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With MARS, Patagonia takes a stocking position for raw goods which cuts down on lead times for materials from mills and gives them the flexibility to produce what the customer wants. Granted, it’s not as fast as buying something off the shelf, but it also cuts out the wait for the supply chain to mill fabrics and treat them. Hopefully, it will be a happy medium. Of course, it relies on efficient customer forecasts.

“We believe that for a government contracting business, utilizing a build-to-order uniform business model that allows quick turns and low MOQ will ultimately provide the best value to the customer,” said Neuron, adding, “US manufacturing is expensive, we have worked hard to address that in the business strategy, and with an eye towards automation solutions to produce exceedingly technical domestic products.  I believe this is the key to bolster the US clothing manufacturing base.”

One way to fulfill “we’re leaving tomorrow” requests is to work with distributors willing to take a stocking position on individual components of MARS or entire kits, based on their knowledge of their clients.

But going back to the idea of encouraging customers to buy what they need, minimums have dropped drastically. For instance, what once required a minimum order of 1000 kits has dropped to 200.

Additionally, MARS is completely Berry compliant. They selected materials which could be produced here in the US, yet still provide all of the performance they were looking for. They even went as far as designing a new buckle for the hood of the jacket.

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These are technical garments using advanced materials and construction techniques. The most critical factor in the success of a revitalized MARS line is domestic production. Consequently, Patagonia has not only prepared a supply chain for the materials needed but also invested in their production partner, Peckham Vocational Industries. In doing so, they’ve installed machinery capable of modern construction techniques like sonic welding, as well as provided instruction on how to use them. Patagonia Subject Matter Experts have been on hand at Peckham, showing lead sewers tricks of the trade. This investment is going to allow the military to adopt more modern clothing designs and keeps Peckham competitive, even with overseas factories, which generally benefit from regular infusions of new machinery.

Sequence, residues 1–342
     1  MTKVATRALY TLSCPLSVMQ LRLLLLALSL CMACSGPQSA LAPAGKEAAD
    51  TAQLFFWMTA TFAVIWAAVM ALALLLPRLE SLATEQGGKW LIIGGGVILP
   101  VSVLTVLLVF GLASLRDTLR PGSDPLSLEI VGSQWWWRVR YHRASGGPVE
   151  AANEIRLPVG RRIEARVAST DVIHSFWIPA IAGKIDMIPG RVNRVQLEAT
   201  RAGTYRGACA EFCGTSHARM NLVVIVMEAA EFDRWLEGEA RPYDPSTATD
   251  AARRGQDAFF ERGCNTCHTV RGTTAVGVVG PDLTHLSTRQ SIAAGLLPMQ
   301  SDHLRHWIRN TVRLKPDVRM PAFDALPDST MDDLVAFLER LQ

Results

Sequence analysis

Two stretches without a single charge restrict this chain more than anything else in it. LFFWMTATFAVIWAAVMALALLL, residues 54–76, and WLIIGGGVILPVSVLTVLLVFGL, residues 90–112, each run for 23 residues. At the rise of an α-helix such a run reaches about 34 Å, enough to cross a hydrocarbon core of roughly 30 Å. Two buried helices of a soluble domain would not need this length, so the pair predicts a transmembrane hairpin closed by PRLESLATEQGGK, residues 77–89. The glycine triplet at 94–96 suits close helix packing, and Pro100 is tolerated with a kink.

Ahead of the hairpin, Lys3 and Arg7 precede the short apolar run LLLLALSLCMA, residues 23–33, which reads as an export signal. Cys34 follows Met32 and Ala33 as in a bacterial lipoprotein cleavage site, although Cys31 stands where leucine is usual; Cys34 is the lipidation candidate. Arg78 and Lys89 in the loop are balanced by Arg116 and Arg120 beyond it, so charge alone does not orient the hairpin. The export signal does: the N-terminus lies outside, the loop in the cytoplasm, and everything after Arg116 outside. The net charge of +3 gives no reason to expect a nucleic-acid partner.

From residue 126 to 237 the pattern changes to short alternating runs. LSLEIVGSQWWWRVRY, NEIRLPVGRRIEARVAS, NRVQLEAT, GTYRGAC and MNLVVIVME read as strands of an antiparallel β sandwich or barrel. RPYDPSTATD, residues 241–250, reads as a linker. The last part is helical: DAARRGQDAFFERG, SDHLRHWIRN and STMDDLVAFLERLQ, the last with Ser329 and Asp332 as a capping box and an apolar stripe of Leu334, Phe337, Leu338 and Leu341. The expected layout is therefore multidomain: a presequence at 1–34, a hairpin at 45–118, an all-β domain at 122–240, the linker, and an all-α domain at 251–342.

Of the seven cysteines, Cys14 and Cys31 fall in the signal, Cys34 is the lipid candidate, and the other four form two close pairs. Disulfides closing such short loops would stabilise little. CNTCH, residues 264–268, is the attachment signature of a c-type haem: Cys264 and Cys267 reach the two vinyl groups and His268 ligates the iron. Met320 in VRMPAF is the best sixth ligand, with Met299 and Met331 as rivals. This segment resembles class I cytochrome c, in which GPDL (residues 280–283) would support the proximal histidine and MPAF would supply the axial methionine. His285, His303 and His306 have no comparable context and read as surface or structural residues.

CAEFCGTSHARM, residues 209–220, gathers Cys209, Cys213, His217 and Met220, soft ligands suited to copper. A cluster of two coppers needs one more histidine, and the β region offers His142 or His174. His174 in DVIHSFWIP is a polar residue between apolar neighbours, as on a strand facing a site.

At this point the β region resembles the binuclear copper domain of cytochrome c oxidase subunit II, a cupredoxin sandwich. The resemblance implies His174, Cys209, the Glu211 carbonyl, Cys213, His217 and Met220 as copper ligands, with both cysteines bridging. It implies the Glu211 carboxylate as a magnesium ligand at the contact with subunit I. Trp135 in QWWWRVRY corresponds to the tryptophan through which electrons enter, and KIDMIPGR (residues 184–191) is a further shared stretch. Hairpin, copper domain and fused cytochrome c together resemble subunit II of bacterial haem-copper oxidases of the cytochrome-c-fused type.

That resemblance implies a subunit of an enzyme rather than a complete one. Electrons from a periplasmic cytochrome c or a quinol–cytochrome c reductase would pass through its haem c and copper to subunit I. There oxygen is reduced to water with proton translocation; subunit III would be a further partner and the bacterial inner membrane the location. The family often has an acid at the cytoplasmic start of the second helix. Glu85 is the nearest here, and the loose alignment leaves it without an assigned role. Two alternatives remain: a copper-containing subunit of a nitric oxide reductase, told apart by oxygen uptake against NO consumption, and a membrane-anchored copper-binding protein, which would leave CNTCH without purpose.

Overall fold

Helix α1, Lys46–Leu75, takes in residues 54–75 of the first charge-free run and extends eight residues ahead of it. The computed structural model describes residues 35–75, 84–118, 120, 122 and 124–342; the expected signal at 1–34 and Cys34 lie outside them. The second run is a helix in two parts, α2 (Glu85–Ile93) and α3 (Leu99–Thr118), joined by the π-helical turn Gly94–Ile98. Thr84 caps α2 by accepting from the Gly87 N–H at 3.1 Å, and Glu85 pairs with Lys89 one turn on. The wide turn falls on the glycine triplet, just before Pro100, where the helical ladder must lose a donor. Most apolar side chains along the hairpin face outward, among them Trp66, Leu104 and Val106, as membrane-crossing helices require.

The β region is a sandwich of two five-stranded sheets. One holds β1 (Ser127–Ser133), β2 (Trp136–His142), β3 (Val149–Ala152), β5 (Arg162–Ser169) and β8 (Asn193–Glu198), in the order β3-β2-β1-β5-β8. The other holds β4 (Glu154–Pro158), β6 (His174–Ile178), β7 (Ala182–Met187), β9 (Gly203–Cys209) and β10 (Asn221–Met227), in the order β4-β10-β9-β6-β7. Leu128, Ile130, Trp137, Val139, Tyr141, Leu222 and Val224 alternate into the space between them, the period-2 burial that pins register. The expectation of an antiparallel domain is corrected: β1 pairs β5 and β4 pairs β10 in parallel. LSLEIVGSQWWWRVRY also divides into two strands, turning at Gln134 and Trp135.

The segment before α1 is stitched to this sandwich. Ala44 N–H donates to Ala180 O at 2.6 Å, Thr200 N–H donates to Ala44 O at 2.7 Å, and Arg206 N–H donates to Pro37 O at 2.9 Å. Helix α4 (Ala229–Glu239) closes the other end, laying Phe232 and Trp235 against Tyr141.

When I spoke with Eric Neuron about it, he said, “We are fortunate to be able to cut through the noise, and focus only on the goal of solving problems and bringing innovation to the guys.  In this case, that means investment of time, money and knowledge transfer to the US supply chain.  And we have the best US partners in place to deliver on that goal.”

Both Patagonia and Peckham have assumed some risk here. So far, they’ve got one customer, but by expanding the program they’ve taken the “build it and they will come” approach. There’s nothing like MARS currently in the market. While there are a lot of great individual pieces, from a variety of manufacturers, no one has taken such a bold move to introduce such an ambitious line all at once in quite some time. Even then, there were significant preorders. They’ll have to educate customers on the system, how to use it and how to purchase it.

This is the second of a four-part series on the Military Alpine Recce System developed by Patagonia’s The Lost Arrow Project. Other installments include an the history of Patagonia’s SOF support, a focus on their production partner Peckham Vocational Industries and a deep dive into some of the components. The full system will be on exhibit at SOF Select during SOFIC.

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4 Responses to “The Lost Arrow Project by Patagonia – Military Alpine Recce System : System Overview”

  1. R. K says:

    This is seems like an awesome system. They are a company I trust without question. I can trust that they are supplying a product that performs and is made in such a way that it is not just the cheapest but also made in a way that is the least taxing on the planet. They make great stuff and if there is a problem they stand by it.

    Has Patagonia picked out retailers yet?

  2. chris says:

    Yes. I’m a fan boy. Would be interested in picking up some of their stuff.

  3. Jeffrey Henderson says:

    I have a first gen MARS jacket that served me well for almost 10 years. I was not gentle with it and it was my go to jacket for that whole time. Excellent product.

  4. robcollins says:

    I’m glad they’ve finally switched to a merino base layer. Capilene, stinks.